U.S. Response to Ambassador’s Report on Tajikistan
May 11, 2012
United States Mission to the OSCE
Statement in Response to Head of the
OSCE Office in Tajikistan,
Ambassador Ivar Vikki
As delivered by Ambassador Ian Kelly
to the Permanent Council, Vienna
May 10, 2012
Thank you, Mr. Chairman.
The United States warmly welcomes Ambassador Vikki back to the Permanent Council. We also express our thanks for your thorough and detailed report. It clearly underscores the increasingly strong relationship between the OSCE Office in Tajikistan and the government on a wide range of issues. We applaud the increase of programmatic activity across all three dimensions with focused efforts on increasing women’s participation. We continue to see the annual OSCE-Tajikistan Task Force as a best practice that deserves consideration by all OSCE field missions and host governments. We share your assessment that the Memorandum of Understanding signed last June and approved last month by the Tajik Parliament is a significant positive step and congratulate both you and the government on this important milestone.
In the First Dimension, the United States agrees with your view that addressing transnational threats and providing assistance to Afghanistan in accord with the Ministerial Decisions of 2007 and 2011 are of continuing crucial importance – to both the people and the governments of Afghanistan and Tajikistan. The OSCE’s Border Management Staff College (BMSC) has proven to be an invaluable resource. We are pleased to be among the 14 participating States that have provided funding to the BMSC. Your suggestion to bring the bulk of the BMSC’s operating budget within the Unified Budget makes excellent sense and we hope all participating States will support it as we do. We also believe it will be important for the activities of the BMSC to continue beyond the existing November 2013 expiration of its mandate, particularly given the 2014 transition in Afghanistan.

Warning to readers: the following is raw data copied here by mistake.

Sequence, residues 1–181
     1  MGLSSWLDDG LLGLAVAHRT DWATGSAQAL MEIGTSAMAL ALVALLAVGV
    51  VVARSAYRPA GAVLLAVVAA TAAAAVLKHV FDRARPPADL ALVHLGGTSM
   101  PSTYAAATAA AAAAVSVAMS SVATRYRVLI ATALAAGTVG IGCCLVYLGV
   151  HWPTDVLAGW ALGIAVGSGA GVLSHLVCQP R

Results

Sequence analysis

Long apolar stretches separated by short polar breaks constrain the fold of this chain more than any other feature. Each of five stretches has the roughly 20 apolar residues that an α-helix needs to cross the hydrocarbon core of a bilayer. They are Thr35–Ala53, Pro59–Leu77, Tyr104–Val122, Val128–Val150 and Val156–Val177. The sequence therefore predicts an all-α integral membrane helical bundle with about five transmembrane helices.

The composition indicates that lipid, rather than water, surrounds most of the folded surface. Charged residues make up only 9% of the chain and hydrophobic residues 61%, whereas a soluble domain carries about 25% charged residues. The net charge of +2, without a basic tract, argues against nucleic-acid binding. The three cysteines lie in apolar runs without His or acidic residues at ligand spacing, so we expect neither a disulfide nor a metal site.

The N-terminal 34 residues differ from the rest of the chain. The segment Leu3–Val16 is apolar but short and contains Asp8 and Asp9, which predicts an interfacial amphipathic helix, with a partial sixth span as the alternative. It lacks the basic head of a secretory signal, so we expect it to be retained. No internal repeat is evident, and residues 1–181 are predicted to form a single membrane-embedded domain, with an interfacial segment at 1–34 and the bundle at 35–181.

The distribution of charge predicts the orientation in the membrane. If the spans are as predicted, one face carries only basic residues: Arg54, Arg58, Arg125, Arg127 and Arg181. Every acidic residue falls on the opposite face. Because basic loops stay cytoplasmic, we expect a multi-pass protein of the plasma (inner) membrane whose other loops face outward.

For its part, the United States is proud to have provided, along with Russia, one of the two trainers for the Patrol Programming and Leadership Project for mobile border guards. It is important to note that this program contributes directly to the security of the entire OSCE space and that the financial burden of such an important project should be shared more widely than by only 14 States. We are also proud to be funding efforts to train Afghan policewomen through the BMSC in Tajikistan, as engaging women in peace-building efforts is essential to achieving long-term peace and stability in the region.
Success in the Office’s efforts to assist Tajikistan in the area of police reform, including the establishment of the Police Reform Steering Group, comes as welcome news. We applaud the Croatian Ministry of Internal Affairs for working with the Office and the government in an exchange of best practices in police reform. We also greatly appreciate the Office’s strong support of the U.S. Embassy’s Community Policing program.
With respect to programs to address Violent Extremism and Radicalization that leads to Terrorism, we eagerly await the release of the research survey assessing these dangerous and concerning trends and their impact on women and men.